Any Reason to get D5300 over Sony A6000?

Started Mar 30, 2014 | Discussions thread
NowHearThis Veteran Member • Posts: 3,534
To Jkim7.

Jkim7 wrote:

Hey guys,

I'm pretty set on getting an A6000, and from what I understand mirror less has pretty much caught up with DSLRs. Especially with the AF of the A6000, wouldn't an A6000 be just as good as a D5300?

Yes, for many things.  Many initial findings on the A6000 say the AF is incredibly fast and accurate.

Is there any reason why I should prefer a D5300 over it?

If AF speed is your sole criteria, No.

It's just that I still see so many people buy t5i's and D5300s and entry level APS-C DSLRs.

Canon is purposefully not pushing Mirrorless (not wanting to cannibalize DSLR sales), Nikon has chosen a smaller 1" sensor for it's Mirrorless. Many equate SLR to goodness, many of those same people also equate more megapixels to goodness (this comes from 8yrs of camera sales experience). Luckily for those people, those cameras you mentioned are very nice cameras that will take a nice picture.


Now, to mention a few other things from your other posts...

You've mentioned a few times that you are looking for a small camera for travel. In one instance you mentioned that you did not want a DSLR

"My requirements are reasonably straightforward (I think). I want something compact and portable (so no FF or DSLR). IQ is important,.... Fast AF is nice, but not critical. I do tend to like manual controls..."

In your other posts you've considered the A6000, X-E2, E-M10 (briefly), RX100 II, X-T1. Generally it seems you like SLR features and IQ, but want it in a smaller package. If that's true, then you will be able to get that in any of the cameras listed above that you've posted about with the exception of the RX100 (it is very good, but not the equal of the others).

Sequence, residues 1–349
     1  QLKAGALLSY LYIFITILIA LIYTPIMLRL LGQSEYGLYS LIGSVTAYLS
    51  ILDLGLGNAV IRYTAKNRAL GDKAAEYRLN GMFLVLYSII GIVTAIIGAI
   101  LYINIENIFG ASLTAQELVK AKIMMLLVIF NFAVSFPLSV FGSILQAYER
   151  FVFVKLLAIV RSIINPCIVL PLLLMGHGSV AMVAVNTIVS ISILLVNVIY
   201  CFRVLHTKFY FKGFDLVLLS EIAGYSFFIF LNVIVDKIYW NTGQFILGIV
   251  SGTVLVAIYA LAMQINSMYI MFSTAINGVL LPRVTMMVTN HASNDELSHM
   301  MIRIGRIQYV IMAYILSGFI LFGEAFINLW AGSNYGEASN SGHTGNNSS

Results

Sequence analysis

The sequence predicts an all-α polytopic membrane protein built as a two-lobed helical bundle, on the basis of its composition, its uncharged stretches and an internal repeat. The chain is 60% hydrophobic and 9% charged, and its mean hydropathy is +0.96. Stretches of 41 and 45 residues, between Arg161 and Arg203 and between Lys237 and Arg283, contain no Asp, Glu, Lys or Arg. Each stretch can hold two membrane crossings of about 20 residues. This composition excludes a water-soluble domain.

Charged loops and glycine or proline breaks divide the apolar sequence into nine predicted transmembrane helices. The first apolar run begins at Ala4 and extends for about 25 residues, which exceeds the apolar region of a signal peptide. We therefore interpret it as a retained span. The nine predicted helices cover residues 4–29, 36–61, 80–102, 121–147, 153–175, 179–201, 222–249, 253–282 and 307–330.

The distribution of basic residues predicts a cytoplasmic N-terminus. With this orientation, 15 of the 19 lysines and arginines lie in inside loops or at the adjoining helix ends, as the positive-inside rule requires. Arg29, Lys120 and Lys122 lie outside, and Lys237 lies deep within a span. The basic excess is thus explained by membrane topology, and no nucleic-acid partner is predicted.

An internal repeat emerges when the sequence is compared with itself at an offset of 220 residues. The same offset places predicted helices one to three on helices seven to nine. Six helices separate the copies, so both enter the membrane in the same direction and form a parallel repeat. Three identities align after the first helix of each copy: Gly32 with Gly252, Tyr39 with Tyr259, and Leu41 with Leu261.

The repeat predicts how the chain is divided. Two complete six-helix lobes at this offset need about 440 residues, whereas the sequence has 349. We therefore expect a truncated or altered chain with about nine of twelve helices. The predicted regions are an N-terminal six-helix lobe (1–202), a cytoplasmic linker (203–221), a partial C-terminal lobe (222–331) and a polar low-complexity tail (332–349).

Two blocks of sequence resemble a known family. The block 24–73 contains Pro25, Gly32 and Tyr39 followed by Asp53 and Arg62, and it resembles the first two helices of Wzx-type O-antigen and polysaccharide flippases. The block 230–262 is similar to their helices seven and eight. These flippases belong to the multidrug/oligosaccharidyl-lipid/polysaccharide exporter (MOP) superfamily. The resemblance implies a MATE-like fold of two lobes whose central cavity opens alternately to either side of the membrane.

Now, Lets go back to one of your questions: (since there hasn't been enough argument over this already)

Is there any reason why I should prefer a D5300 over it [A6000]?

Yes, there are, I will list some reasons, please understand this will not be a complete list by any means.

Larger camera sometimes feels more secure in the hand.
Lenses: Some lenses are cheaper. More lenses, period. More lens types: Tilt-shift, Macro, Long Telephoto, F/1.4 (but many of these are extremely expensive)
Battery Life is longer
Some prefer OVF
GPS built in (Finally)
In camera raw processing & jpeg retouch
Basic kit lenses are better. 18-55 and 18-140 are better than than Sony's 16-50 or 18-55.
Good inexpensive kit zooms (I like the Nikon 55-200VR more than the Sony 55-210, but I've seen good shots from the Sony)

Conversely, are there any reasons (again, not a complete list) why you should prefer an A6000 over the D5300?

Faster AF (especially in video)
AF zones that covers more of the frame (92%)
Faster Continuous Shooting
Significantly Smaller Body
Smaller lenses (70-200/4 exceptioned)
Some Prefer EVF
OSS on Fast Primes & Wide Angle lenses (extremely handy for video too)
Features: (Wireless Flash, Sweep Panorama, HDR (3 photos vs 2), DRO (I like it better than ADL), 5 Frame Bracketing, NFC)
Enthusiast level lenses equal or better on Sony, IMO.
• 16-70/4 vs 16-85
• 24/1.8 vs 24/1.4
• 35/1.8 OSS vs 35/1.8
• 50/1.8 OSS vs 50/1.8
• 18-200 SEL vs 18-200 or 18-300
Can use Sony A-Mount and Canon EF mount lenses with Adapters & AF, can use thousands of other lenses with adapters in MF)

Which is going to be better, is a hard thing to say for sure. For me, the A6000 with a few of the lenses listed above would suit my needs far better than anything I can get from Canon, Nikon, or Pentax. For someone like Greg AA, he probably has completely different needs and requirements for which a DSLR and other lenses will be perfect for him.  Arguing about "better" is pointless because of the subjective and personal nature of each individuals needs.

Some things you should consider:
How much gear do you want to carry?
Roughly, what range(s) do you think you need for lenses? ultra wide, wide, telephoto, medium but fast, macro, etc?
What features matter most to you and which camera has more of those features? If it's the SLR, that's great, nothing wrong with that.
How much can you spend? Ultimately this may send you one way verses another.
Can you try out each in a store? I know the A6000 is coming soon, but I would still try them out, side by side if possible. Also, if possible, take as many test shots as you can from each.

In the end your decision, which ever you choose is the right one... because you are choosing the camera for you, not Greg or me.

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